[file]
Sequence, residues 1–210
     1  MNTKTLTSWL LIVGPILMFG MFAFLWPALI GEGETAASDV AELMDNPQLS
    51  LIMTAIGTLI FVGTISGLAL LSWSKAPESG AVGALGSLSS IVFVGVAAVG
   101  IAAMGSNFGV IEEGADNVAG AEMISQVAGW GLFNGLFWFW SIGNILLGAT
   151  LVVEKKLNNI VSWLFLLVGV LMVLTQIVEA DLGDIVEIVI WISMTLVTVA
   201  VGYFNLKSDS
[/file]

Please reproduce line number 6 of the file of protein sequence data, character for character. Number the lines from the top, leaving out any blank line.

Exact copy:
   201  VGYFNLKSDS